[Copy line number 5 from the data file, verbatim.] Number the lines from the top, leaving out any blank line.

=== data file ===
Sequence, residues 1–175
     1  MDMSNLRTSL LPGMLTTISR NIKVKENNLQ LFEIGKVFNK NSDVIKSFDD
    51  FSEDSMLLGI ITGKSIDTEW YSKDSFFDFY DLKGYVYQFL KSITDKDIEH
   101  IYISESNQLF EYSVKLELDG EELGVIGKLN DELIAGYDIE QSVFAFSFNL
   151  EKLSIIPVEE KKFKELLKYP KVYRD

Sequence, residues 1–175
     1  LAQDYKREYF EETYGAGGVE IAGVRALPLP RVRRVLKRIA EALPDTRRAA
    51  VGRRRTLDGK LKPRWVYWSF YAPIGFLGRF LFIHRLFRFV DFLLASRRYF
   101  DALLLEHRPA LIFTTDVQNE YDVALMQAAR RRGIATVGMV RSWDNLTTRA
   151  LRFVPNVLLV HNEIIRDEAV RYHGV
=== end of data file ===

   151  EKLSIIPVEE KKFKELLKYP KVYRD